Cheap wine can still taste more expensive, under the right circumstances.
That’s according to a new study published in the journal “Food Quality and Preference” that suggests people are more likely to say they enjoy wine if they’re told it’s expensive — no matter how much it really costs.
A new study found taste testers were more likely to enjoy cheap wine when told it was more expensive. (iStock)
In the study, psychologists manipulated the price of wine during a tasting held at the University of Basel in Switzerland, where 140 blind tasters were given three versions of Italian wine. Each was labeled “low-, mid-, or high-price,” with costs ranging between $10 and $70 per bottle. Other wines featured in the mix had no price tag, while some accurately listed their price.
Participants were asked to rate the intensity of the wines as well as how good they perceived the tastes to be. But, perhaps not surprisingly, their palates correlated with the price tags instead.
When participants were unknowingly given a cheaper wine — told that its price was actually four times greater that its actual cost — they rated the wine as more “pleasant” than the genuinely expensive bottle. But when the more expensive wine was served, and participants were told it was much cheaper than it really was, the taste ratings remained the same.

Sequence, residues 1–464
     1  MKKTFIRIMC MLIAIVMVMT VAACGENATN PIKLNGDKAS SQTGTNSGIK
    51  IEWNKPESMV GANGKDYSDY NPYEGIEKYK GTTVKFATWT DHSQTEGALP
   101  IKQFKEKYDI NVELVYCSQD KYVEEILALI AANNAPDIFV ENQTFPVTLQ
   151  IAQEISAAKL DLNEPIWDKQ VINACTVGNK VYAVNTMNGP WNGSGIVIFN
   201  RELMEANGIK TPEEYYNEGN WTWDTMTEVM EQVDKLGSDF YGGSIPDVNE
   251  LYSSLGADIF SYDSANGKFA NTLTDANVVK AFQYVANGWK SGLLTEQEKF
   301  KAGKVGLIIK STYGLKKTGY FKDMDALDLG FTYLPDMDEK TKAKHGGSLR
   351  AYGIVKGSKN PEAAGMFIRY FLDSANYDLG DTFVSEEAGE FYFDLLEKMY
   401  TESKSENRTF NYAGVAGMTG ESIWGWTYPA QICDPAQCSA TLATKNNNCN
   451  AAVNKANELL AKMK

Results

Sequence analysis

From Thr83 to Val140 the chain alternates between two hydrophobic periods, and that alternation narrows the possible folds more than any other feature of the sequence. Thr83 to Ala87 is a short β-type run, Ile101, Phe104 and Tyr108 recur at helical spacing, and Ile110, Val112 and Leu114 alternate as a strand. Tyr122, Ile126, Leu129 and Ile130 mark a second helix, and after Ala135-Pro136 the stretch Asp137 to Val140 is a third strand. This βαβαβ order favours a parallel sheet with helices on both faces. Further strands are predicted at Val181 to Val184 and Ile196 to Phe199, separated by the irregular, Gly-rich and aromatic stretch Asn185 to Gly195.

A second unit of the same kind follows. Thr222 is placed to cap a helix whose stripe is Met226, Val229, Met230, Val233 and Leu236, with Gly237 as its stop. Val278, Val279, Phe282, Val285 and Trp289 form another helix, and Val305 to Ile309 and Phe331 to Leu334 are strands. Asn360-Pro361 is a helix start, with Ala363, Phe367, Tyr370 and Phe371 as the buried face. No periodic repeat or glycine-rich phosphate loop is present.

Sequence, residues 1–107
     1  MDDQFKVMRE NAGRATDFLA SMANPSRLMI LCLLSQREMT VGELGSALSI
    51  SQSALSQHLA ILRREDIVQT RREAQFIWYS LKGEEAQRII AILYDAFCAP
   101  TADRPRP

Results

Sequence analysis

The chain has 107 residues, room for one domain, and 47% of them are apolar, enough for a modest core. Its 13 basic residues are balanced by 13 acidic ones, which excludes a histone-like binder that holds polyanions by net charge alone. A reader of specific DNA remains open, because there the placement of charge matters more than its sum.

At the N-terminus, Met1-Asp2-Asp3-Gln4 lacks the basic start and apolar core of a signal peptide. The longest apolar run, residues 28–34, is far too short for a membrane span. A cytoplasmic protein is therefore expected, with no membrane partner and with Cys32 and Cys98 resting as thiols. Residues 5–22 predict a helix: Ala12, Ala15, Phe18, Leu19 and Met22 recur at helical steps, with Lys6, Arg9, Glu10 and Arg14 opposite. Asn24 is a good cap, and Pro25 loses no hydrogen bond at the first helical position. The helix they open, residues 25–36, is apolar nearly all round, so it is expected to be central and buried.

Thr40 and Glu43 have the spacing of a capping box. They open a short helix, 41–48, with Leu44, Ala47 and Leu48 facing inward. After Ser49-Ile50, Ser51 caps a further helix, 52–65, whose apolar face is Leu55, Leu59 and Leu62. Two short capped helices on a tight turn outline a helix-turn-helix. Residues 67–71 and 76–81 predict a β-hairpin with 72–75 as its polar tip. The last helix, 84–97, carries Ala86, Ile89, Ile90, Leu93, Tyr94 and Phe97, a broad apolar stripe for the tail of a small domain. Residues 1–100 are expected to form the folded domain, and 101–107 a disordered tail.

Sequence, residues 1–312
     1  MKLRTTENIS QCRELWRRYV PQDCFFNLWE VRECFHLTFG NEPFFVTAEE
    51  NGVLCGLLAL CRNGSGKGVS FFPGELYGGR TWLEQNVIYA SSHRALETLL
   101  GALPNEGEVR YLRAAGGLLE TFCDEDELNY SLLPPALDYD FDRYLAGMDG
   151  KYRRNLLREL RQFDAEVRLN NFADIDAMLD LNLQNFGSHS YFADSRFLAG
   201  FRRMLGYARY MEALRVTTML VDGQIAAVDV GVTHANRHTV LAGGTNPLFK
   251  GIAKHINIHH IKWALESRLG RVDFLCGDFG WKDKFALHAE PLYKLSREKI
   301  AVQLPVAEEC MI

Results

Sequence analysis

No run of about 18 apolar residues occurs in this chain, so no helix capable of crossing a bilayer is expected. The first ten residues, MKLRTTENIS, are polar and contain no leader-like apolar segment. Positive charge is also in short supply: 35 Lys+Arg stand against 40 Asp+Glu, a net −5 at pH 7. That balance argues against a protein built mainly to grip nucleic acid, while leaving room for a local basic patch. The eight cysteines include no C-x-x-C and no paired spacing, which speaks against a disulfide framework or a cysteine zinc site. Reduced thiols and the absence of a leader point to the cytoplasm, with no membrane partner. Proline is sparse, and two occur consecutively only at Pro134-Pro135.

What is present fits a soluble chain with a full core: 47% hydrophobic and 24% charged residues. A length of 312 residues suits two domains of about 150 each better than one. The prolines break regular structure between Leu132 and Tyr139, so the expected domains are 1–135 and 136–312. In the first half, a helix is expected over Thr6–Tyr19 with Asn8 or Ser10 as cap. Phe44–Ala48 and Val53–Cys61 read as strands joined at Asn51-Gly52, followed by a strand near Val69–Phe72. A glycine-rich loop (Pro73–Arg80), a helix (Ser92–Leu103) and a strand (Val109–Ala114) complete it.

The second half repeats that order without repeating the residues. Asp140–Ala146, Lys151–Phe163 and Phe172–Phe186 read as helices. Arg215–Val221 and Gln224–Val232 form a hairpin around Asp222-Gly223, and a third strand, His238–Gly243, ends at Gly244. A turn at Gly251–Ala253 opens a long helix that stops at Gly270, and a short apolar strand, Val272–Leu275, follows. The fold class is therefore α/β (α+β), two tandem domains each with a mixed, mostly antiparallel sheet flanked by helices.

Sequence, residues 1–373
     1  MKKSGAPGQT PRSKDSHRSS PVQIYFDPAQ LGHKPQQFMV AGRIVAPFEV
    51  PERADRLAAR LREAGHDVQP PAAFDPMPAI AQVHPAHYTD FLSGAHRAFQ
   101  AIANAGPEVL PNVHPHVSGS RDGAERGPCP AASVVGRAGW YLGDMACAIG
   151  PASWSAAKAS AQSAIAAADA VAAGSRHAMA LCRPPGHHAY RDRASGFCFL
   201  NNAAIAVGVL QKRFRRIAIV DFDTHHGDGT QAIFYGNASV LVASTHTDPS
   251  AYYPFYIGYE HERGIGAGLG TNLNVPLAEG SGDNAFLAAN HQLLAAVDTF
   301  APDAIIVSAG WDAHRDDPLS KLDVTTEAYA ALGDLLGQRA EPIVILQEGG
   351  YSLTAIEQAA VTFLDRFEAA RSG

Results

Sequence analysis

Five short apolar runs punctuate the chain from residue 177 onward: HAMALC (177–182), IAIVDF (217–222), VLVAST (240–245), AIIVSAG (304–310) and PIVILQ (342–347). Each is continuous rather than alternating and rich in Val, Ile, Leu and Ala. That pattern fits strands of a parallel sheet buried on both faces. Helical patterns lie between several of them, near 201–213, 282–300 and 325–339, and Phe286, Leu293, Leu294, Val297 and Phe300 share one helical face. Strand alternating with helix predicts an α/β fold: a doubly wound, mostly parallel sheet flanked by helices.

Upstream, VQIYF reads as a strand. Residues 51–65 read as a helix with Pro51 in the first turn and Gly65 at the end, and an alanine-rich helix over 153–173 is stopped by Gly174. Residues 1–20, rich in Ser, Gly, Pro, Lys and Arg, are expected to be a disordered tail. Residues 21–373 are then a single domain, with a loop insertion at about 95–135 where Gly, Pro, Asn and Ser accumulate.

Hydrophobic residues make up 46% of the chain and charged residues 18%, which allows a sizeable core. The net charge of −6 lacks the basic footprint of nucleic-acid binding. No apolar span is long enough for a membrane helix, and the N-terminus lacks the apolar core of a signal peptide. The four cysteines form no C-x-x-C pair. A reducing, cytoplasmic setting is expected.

“The cheapest wine was rated as more pleasant when presented as fourfold of its actual retail price,” the researchers outlined in the study. “No effect was found when decreasing the price label of the expensive wine by a fourfold,” they explained.
“Thus, in wine may lay the truth, but its subjective experience may also lie in the price,” concluded the study’s astract.
It’s not the first time accessibly-priced wine was perceived as great-tasting. A $13 bottle of wine sold at Aldi’s Australian supermarkets won the top prize at Australia’s Royal Adelaide Wine Show in October, beating out some bottles that were five times more expensive. And last March, a $10 bottle of the grocer’s Quarter Cut Bourbon Barrel-Aged Cabernet Sauvignon was ranked the best wine of 2020 by Product of the Year USA, the world’s largest consumer award for product innovation in packaged goods.